As vengeful as they are entrancing, the Wilis lure young men into their lair – driving them to dance until they die. In a heartfelt display of forgiveness from beyond the grave, Giselle saves her beloved from certain death at the hands of her ghostly sisters.

Armstrong is stepping into the role of Hilarion, an anti-hero who’s typically labelled as the bad guy. However, Armstrong thinks Hilarion might just be misunderstood as he grapples with unrequited love.

“He grew up with Giselle, he loves her a lot but she never really loved him back. He never got the girl,” explains Armstrong.

Ah, a tale as old as time. Nice guys finish last.

A haunting story of innocence and betrayal and the redemptive power of love, Giselle features some of ballet’s most dramatic scenes and otherworldly images, complemented by a beautiful score, alluring costumes and imaginative sets.

Plus, the plot won’t have to be explained to you afterwards.

“I would say of all the ballets, Giselle has the most acting, which is kind of good for the audience because you follow the story a little bit better. Sometimes classical ballet audiences can lose (the story) because there’s no narrative to go with it,” says Armstrong.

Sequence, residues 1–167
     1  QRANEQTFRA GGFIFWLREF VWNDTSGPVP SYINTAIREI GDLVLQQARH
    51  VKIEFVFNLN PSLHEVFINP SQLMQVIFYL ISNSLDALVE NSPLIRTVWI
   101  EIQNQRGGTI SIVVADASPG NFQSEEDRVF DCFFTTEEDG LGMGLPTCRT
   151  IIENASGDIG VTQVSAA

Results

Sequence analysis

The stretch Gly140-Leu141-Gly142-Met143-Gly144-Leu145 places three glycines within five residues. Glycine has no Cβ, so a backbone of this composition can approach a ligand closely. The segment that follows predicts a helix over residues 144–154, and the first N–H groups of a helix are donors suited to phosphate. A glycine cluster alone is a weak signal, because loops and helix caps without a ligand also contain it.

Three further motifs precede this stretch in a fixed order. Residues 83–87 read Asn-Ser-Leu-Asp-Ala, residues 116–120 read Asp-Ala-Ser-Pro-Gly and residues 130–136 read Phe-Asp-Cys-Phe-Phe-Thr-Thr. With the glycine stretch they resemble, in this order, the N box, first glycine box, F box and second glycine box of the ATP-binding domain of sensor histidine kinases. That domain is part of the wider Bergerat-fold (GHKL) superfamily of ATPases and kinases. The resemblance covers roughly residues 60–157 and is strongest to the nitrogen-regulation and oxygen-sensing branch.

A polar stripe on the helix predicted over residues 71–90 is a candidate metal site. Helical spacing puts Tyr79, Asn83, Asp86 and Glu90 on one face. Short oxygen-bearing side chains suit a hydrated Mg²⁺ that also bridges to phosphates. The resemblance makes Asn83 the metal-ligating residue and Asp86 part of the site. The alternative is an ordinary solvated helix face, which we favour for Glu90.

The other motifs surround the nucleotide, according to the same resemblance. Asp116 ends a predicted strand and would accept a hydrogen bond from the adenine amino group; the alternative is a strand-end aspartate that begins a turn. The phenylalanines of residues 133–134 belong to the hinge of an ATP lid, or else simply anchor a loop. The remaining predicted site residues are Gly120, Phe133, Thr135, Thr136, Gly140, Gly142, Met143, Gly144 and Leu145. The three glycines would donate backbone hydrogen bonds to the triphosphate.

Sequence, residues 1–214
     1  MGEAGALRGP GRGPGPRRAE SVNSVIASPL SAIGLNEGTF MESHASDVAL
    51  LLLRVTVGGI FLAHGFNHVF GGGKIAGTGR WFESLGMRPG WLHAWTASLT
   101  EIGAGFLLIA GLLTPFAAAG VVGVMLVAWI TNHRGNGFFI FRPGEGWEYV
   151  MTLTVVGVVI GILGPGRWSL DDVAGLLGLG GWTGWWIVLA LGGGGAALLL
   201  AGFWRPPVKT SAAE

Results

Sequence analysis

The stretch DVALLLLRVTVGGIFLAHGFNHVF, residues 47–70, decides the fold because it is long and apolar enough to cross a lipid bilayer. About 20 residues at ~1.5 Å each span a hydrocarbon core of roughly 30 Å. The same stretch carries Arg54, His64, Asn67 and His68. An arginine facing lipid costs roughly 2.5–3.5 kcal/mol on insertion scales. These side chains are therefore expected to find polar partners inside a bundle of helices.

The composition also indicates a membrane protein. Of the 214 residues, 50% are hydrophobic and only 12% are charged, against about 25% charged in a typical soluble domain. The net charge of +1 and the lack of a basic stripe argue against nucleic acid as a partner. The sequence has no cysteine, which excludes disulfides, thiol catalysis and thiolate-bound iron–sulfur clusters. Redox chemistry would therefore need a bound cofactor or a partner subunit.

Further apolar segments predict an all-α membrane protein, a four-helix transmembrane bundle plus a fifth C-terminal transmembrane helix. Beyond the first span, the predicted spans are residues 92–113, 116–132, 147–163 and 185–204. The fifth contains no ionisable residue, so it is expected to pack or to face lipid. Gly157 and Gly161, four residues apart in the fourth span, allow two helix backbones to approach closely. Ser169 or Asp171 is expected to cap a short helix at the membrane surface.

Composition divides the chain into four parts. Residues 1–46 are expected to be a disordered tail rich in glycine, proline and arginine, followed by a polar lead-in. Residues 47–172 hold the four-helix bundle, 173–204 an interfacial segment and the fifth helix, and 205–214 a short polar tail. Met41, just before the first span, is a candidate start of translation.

Armstrong is coming off a successful Coastal City Ballet run of Swan Lake, in which he played a peasant and had a solo during a big palace scene when all the princesses from the faraway land come in.

“I was shocked at how well that all went over,” says Armstrong. “It was so much fun. It was definitely the best quality performance I have ever been in.”

Armstrong has also graced the silver screen with his ballet dancing. He was asked to be in Center Stage: On Pointe, a made for TV movie and sequel to the original Center Stage flick, which became a cult classic amongst ballet dancers.

And Armstrong wouldn’t hesitate to step up again.

“The money’s great and it’s so much fun to do,” he says of TV gigs.

Armstrong recently acted as a ballet double during filming of the TV show Unreal – a spoof of The Bachelor.

Filmed at the Orpheum in Vancouver, Armstrong doubled for a character called Alexi, a.k.a. the Russian bad boy of ballet.

“He’s kind of crazy,” says Armstrong with a laugh. I think he was high or something. And he jumped out of the audience and jumped on stage with the ballerina. It was really fun. I got to act like a lunatic.”

Another bonus: Armstrong’s doubles partner for that scene was a principal from the Royal Winnipeg Ballet.

“So I got to work with her for three days one-on-one, which was really lucky. It was so amazing … to work with someone of her calibre,” says Armstrong.

Life has come full circle for Armstrong, who now teaches dance classes at RNB in Lynn Valley. To say dance competitions are big with tweens right now is an understatement.

 “They are so competitive nowadays,” says Armstrong, with a sigh. “They are all obsessed with Dance Moms and Maddie Ziegler. They all want to be this and that.”

But that’s not necessarily a bad thing, he explains. It’s pushing the dancers to work harder and their level of technique is going up.